Personal Liability and the Marketing of Dietary Supplements

March 1, 2001

6 Min Read
Personal Liability and the Marketing of Dietary Supplements

Personal Liability and the Marketing of Dietary Supplements
by Marc S. Ullman, Esq.

Over the past several years, the paucity of serious enforcement activities bythe Food and Drug Administration (FDA) has created the belief among an alarmingnumber of participants in the natural products industry that no matter howpoorly manufactured or recklessly formulated the products they place onto themarket may be, the worst thing that can happen is that they would receive aWarning Letter giving them 15 days to correct the error of their ways. Thisbelief has fostered an atmosphere that has led to decisions to market"dietary supplement" products containing ingredients such as gammabutyrolactone (commonly referred to as GBL, and a precursor to the date rapedrug), products "spiked" with synthetic drugs to enhance their effectsin the body, or human growth hormone.

The Federal Food, Drug and Cosmetic Act (FDCA) prohibits the marketing of anyproduct for human consumption that is either adulterated (contains somethingthat is potentially deleterious to human health) or misbranded (does not containprecisely what it purports to contain). Under normal circumstances, the sale ofany product that is either adulterated or misbranded will result in FDA issuingwhat is known as a Warning Letter, requiring that the offending company takecorrective measures within 15 days of receipt of the Letter, and formally advisethe agency of the nature of those measures. What many people fail to realize,however, is that section 303(a) of the FDCA provides that:

(1) Any person who violates a provision of section 301 shall be imprisonedfor not more than one year or fined not more than $1,000, or both.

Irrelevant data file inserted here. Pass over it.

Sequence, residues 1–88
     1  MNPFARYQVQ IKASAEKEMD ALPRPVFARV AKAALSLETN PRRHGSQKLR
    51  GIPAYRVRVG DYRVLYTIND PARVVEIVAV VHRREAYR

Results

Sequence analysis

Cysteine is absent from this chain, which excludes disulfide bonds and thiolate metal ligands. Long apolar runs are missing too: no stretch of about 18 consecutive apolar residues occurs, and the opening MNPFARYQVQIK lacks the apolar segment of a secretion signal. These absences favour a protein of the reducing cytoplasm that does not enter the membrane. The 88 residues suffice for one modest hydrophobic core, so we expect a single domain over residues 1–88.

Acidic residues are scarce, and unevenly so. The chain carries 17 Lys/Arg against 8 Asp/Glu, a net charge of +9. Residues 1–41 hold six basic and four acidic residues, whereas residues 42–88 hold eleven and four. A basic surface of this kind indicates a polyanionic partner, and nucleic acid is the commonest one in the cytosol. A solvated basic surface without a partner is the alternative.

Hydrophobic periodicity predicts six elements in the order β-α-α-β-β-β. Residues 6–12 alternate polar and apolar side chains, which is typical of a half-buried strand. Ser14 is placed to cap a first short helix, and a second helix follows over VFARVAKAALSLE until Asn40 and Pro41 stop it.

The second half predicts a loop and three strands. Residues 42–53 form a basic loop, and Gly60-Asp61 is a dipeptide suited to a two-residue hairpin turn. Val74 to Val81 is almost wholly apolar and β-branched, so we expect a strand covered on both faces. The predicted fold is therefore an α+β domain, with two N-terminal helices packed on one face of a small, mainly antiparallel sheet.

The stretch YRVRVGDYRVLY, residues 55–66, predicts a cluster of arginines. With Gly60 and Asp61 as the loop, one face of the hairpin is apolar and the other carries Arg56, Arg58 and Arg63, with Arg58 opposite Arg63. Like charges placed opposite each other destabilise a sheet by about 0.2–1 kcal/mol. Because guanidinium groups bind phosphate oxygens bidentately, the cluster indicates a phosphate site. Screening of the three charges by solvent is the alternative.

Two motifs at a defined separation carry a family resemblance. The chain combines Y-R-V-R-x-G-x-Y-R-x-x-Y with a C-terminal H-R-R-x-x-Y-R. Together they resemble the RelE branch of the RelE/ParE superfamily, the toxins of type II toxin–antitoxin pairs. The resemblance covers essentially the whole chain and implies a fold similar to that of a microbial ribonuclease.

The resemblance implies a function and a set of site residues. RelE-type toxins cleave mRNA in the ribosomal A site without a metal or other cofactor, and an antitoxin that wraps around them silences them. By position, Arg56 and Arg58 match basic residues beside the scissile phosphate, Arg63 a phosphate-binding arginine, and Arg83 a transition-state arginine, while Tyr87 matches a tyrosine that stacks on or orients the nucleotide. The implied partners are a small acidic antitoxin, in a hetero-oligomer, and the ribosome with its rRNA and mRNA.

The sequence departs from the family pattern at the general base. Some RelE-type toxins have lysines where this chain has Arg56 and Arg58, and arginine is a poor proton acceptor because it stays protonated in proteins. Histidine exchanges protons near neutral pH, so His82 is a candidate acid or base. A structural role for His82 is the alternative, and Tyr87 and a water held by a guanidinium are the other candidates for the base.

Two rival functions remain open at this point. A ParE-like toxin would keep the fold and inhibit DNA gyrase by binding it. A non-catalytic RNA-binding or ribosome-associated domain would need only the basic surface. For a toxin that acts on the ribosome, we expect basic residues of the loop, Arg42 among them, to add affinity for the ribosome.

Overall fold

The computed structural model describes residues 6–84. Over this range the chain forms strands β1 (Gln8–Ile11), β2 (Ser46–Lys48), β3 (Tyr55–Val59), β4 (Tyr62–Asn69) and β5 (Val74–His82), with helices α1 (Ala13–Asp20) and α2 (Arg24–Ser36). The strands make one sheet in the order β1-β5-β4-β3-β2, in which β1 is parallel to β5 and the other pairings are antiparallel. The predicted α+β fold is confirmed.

(2) Notwithstanding the provisions of paragraph (1) of this section, ifany person commits such a violation after a conviction of him under this sectionhas become final, or commits such a violation with the intent to defraud ormislead, such person shall be imprisoned for not more than three years or finednot more than $10,000, or both.

The violations covered by this section include the sale of any misbranded oradulterated food, drug, cosmetic or dietary supplement. Referring any suchviolation to the United States Attorneys' Office for prosecution rests solelywithin the discretion of the FDA.

During a presentation at the 1999 Food and Drug Law Institute Annual Meeting,FDA Deputy Chief Counsel Eric Blumberg made several pointed comments thatclearly raise the specter of future FDA-related criminal prosecutions. He notedthat such actions would reinforce the core policy of the FDCA that there is"a positive duty" on an individual conducting business in an areaaffecting public health not only "to seek out and remedy violations whenthey occur, but also, and primarily, a duty to implement measures that willensure that violations do not occur." Personal liability for violations isa real possibility in situations where FDA determines that individuals withmanagement responsibility "either actively participated in unlawfulconduct, allowed it to happen by passively tolerating violations, or failed totake steps to learn that violations were occurring."

The serious nature of this warning should be apparent from a series of FDAenforcement actions against the marketers of Laetrile and "vitaminB17" in late 2000, and FDA's ongoing enforcement efforts against theproducers of GBL. In both situations, FDA enforcement activities commenced withthe agency issuing Warning Letters demanding that these products be immediatelyremoved from the marketplace. When such remedial action was not immediatelyforthcoming, the agency instituted a series of court cases seeking injunctionsthat would permanently bar the named defendants from continuing to sell productscontaining Laetril, B17 or GBL. Each of these matters resulted in the issuanceof preliminary injunctions barring the named defendants from offering theirproducts for sale pending the conclusion of litigation. At the same time, FDAcommenced additional enforcement actions through its Office of CriminalInvestigations (OCI). To date, OCI's activities have resulted in the filing ofat least five criminal cases against marketers of GBL, and a sixth against aLaetrile marketer.